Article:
Excellent workshops and presentations, fun field trips, great birds and birders, and beautiful weather resulted in yet another outstanding Homer shorebird festival. The variety of habitats attracted familiar birds and several species that I don’t often have the pleasure of viewing in Seward.
The rocky jetty at the Homer Boat Harbor was an excellent place to watch SURFBIRDS and BLACK TURNSTONES as they plucked calories from the intertidal zone. Their striking wing patterns popped as they flew to the next barnacle-encrusted rocks, their reflections following in the calm water below. The Surfbirds were fun to watch even while napping, bills tucked under wings, ever aware of the imperceptibly rising tide.
Later, I checked out Louie’s Lagoon and walked along the beach. Five BRANT walked along across the slough, feeding at the edge. I heard a Plover calling and looked down the beach. An elegant male BLACK-BELLIED PLOVER hunted flies and amphipods at the tide’s edge. I immediately sat down and watched North America’s largest plover.
The Plover approached as a steady pace, hunting along the way until he was almost right below me. As I clicked away, he stood quietly then tucked his beak under his wing, folded one leg into his warm belly feathers, and took a nap. I looked up from my camera and found another male Black-bellied Plover nearby that I had not seen in the limited view of my lens. He too, was very calm and quiet, and also settled down for a nap. The first bird continued to nap, slowly rotating on his one leg to peek around now and then.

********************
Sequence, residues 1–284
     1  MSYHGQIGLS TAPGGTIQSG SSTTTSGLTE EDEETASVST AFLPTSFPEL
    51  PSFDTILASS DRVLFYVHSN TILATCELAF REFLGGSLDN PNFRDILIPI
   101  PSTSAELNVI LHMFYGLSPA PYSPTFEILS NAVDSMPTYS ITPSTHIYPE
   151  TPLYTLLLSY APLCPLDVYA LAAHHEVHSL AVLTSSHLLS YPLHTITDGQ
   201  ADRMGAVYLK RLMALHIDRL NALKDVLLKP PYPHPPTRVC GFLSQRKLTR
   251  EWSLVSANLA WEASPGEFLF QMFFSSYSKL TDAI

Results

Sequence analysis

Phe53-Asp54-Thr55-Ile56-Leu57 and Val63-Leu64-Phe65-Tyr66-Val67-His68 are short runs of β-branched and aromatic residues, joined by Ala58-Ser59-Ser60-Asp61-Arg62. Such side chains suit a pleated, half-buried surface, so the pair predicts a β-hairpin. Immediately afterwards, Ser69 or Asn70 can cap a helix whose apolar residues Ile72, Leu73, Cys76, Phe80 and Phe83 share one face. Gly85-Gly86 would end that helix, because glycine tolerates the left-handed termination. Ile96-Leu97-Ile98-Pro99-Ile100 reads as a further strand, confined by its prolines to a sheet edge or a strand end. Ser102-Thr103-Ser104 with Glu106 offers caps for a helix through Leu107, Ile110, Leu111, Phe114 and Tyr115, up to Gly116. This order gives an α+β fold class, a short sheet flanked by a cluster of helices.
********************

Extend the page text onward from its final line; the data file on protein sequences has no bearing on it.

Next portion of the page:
When I was done photographing the second napping male, I looked up and a THIRD Plover had appeared, this time a female. What a thrill to have these beautiful Plovers so close and so trusting! Shortly after her arrival, my camera battery went dead and my time drew to a close.
I carefully and quietly got up and moved slowly away. I was very pleased to look back and see that the trio was still napping, undisturbed. Yay! I wish them all the best on the rest of their journey to their nesting grounds on the dry tundra of the high Arctic. May they and their families prosper and return.
Seward Sporadic Bird Report Reporter